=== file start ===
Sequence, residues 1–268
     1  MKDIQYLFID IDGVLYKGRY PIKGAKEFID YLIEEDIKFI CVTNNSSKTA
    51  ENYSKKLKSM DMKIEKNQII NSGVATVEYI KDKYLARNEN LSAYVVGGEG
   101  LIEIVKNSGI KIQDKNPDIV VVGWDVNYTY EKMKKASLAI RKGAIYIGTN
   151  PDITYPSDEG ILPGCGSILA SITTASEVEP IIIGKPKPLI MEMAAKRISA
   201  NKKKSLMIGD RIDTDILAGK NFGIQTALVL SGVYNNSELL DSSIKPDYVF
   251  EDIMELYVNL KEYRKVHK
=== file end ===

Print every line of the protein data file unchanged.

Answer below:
Sequence, residues 1–268
     1  MKDIQYLFID IDGVLYKGRY PIKGAKEFID YLIEEDIKFI CVTNNSSKTA
    51  ENYSKKLKSM DMKIEKNQII NSGVATVEYI KDKYLARNEN LSAYVVGGEG
   101  LIEIVKNSGI KIQDKNPDIV VVGWDVNYTY EKMKKASLAI RKGAIYIGTN
   151  PDITYPSDEG ILPGCGSILA SITTASEVEP IIIGKPKPLI MEMAAKRISA
   201  NKKKSLMIGD RIDTDILAGK NFGIQTALVL SGVYNNSELL DSSIKPDYVF
   251  EDIMELYVNL KEYRKVHK